New data shows that the majority of robot-enabled scam phone calls came from fewer than 40 call centers, a finding that offers hope the growing menace of robocalls can be stopped.
The calls use computers and the Internet to dial thousands of phone numbers every minute and promote fraudulent schemes that promise to lower credit card interest rates, offer loans, and sell home security products, to name just a few of the scams. Over the past decade, robocall complaints have mushroomed, with the Federal Trade Commission often receiving hundreds of thousands of complaints each month. In 2013, the consumer watchdog agency awarded $50,000 to three groups who devised blocking systems that had the potential to help end the scourge. Three years later, however, the robocall problem seems as intractable as ever.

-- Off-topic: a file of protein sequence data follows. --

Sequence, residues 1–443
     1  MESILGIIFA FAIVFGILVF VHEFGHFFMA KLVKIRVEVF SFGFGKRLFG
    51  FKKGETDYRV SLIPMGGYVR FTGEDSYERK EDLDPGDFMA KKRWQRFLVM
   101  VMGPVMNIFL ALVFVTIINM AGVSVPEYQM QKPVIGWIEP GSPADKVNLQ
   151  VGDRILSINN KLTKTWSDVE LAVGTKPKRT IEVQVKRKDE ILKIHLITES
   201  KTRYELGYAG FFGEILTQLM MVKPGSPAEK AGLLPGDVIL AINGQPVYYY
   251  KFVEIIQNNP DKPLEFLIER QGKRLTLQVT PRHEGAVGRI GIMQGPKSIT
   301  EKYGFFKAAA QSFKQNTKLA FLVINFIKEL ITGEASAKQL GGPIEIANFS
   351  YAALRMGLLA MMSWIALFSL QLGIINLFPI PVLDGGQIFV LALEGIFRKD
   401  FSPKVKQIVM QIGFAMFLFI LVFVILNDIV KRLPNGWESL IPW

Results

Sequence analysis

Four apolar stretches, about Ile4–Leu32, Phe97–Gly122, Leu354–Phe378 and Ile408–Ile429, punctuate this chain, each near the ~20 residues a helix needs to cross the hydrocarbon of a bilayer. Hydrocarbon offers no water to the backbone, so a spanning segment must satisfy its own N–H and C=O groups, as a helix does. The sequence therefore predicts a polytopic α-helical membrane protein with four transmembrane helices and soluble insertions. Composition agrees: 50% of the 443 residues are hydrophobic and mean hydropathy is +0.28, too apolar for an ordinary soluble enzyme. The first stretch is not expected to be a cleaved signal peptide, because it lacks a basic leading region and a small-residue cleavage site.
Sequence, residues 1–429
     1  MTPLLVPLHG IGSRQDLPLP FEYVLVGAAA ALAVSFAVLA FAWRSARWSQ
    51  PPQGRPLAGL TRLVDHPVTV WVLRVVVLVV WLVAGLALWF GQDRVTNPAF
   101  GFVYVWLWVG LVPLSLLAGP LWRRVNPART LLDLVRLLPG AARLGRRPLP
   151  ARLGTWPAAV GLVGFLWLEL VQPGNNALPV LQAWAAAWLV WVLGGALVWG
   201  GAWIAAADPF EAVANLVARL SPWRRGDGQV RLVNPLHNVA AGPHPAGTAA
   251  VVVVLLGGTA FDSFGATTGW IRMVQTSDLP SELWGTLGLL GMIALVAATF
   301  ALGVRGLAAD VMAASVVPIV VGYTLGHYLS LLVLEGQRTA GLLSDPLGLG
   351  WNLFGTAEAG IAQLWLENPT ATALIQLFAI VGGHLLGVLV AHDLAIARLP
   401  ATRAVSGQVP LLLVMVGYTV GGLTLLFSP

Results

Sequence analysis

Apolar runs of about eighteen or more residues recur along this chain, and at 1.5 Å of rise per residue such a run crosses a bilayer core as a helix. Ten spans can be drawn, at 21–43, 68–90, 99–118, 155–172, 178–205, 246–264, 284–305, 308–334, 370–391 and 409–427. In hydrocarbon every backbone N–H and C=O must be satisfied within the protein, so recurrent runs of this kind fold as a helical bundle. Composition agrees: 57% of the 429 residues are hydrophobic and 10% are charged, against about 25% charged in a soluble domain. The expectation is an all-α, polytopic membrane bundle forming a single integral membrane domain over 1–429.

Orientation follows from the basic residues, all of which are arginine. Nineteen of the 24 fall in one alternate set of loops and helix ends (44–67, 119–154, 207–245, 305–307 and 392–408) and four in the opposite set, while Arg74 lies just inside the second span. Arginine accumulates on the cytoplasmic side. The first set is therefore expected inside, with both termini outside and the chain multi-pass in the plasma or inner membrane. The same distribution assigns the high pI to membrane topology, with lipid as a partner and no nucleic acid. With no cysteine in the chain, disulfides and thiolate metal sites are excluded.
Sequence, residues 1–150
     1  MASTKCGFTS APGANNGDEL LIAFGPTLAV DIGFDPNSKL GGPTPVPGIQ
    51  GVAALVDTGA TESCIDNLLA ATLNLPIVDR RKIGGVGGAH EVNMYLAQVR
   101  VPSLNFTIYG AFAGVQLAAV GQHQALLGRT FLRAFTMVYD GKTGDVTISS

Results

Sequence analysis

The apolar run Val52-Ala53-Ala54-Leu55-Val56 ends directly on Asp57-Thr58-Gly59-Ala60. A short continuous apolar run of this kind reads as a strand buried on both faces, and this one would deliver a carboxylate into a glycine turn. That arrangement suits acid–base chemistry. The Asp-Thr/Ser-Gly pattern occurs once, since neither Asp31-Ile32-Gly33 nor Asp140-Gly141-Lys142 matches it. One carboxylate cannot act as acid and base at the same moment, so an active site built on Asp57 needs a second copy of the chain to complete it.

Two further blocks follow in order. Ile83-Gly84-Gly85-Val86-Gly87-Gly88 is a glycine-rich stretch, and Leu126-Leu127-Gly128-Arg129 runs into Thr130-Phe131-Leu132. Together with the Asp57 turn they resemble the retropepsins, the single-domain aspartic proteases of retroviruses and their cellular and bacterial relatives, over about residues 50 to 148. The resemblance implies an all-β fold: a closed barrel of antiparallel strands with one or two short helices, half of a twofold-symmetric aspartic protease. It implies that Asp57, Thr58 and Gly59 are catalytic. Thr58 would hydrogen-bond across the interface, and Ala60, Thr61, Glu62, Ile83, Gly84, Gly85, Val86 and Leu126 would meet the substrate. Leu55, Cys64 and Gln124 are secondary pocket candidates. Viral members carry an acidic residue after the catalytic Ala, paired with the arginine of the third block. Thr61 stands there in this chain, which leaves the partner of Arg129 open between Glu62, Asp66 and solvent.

On Thursday at the Black Hat security conference in Las Vegas, a researcher said that slightly more than half of more than 1 million robocalls tracked were sent by just 38 telephony infrastructures. The relatively small number of actors offers hope that the phenomenon can be rooted out, by either automatically blocking the call centers or finding ways for law enforcement groups to identify and prosecute the operators.